Saturn And Its Largest Moon Reflect Their True Colors
MEDIA RELATIONS OFFICE CASSINI IMAGING CENTRAL LABORATORY FOR OPERATIONS (CICLOPS) SPACE SCIENCE INSTITUTE, BOULDER, COLORADO http://ciclops.org
Joe Mason (720)974-5859 CICLOPS/Space Science Institute, Boulder, Colo.
Jia-Rui C. Cook (818)354-0850 Jet Propulsion Laboratory, Pasadena, Calif.
Image Advisory: August 29, 2012
SATURN AND ITS LARGEST MOON REFLECT THEIR TRUE COLORS
Posing for portraits for NASA's Cassini spacecraft, Saturn and its largest moon, Titan, show spectacular colors in a quartet of images being released today by the imaging team and the Cassini mission. One image captures the changing hues of Saturn's northern and southern hemispheres as they pass from one season to the next.
A wide-angle view in today's package captures Titan passing in front of Saturn as well as the planet's changing colors. Upon Cassini's arrival at Saturn eight years ago, Saturn's northern winter hemisphere was an azure blue. Now that winter is encroaching on the planet's southern hemisphere and summer on the north, the color scheme is reversing: blue is tinting the southern atmosphere and is fading from the north.
The other three images depict the newly discovered south polar vortex in the atmosphere of Titan, reported recently by Cassini scientists. Cassini's visible-light cameras have seen a concentration of yellowish haze in the detached haze layer at the south pole of Titan since at least March 27. Cassini's visual and infrared mapping spectrometer spotted the massing of clouds around the south pole as early as May 22 in infrared wavelengths. After a June 27 flyby of the moon, the imaging team and the Cassini mission released a dramatic image and movie showing the vortex rotating faster than the moon's rotation period. The four images being released today were acquired in May, June and July 2012.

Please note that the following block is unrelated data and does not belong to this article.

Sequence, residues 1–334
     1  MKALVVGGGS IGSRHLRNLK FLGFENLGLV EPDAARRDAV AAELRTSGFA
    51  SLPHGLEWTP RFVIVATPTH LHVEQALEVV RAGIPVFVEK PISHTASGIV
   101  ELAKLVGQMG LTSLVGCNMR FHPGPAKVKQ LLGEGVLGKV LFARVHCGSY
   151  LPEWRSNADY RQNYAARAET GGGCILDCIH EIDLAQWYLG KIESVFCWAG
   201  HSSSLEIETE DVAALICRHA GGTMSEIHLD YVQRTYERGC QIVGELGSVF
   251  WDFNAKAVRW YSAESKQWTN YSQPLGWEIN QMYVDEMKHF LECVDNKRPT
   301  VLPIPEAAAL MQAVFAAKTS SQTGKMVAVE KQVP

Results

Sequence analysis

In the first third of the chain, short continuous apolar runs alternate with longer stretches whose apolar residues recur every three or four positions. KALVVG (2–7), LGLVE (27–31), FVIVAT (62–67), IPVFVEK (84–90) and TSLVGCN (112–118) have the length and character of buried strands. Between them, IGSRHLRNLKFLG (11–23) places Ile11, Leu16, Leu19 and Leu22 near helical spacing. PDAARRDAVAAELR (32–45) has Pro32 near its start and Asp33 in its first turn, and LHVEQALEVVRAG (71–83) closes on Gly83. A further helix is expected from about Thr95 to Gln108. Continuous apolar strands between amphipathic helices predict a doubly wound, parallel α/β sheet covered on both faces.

Some of these views, such as those of the polar vortex, are only possible because Cassini's newly inclined -- or tilted -- orbits allow more direct viewing of the polar regions of Saturn and its moons.
Scientists are looking forward to seeing more of the same -- new phenomena like Titan's south polar vortex and changes wrought by the passage of time and seasons -- during the remainder of Cassini's mission.
"Cassini has been in orbit now for the last eight years and already ranks as one of the most scientifically productive planetary explorations ever undertaken," said Carolyn Porco, imaging team lead based at the Space Science Institute in Boulder, Colo. "Despite the fact that we can't know exactly what the next five years will show us, we can be certain that whatever it is will be wondrous."
Launched in 1997, Cassini went into orbit around Saturn on July 1, 2004. It is in its second mission extension, known as the Solstice Mission, and one of its main goals is to analyze seasonal changes in the Saturn system.
"It is so fantastic to experience, through the instruments of Cassini, seasonal changes in the Saturn system," said Amanda Hendrix, deputy project scientist, based at NASA's Jet Propulsion Laboratory in Pasadena, Calif. "Some of the changes we see in the data are completely unexpected, while some occur like clockwork on a seasonal timescale. It's an exciting time to be at Saturn."
The Cassini-Huygens mission is a cooperative project of NASA, the European Space Agency and the Italian Space Agency. The Jet Propulsion Laboratory (JPL), a division of the California Institute of Technology in Pasadena, manages the Cassini-Huygens mission for NASA's Science Mission Directorate, Washington. The Cassini orbiter and its two onboard cameras were designed, developed and assembled at JPL. The imaging team consists of scientists from the U.S., England, France, and Germany. The imaging operations center and team leader (Dr. C. Porco) are based at the Space Science Institute in Boulder, Colo.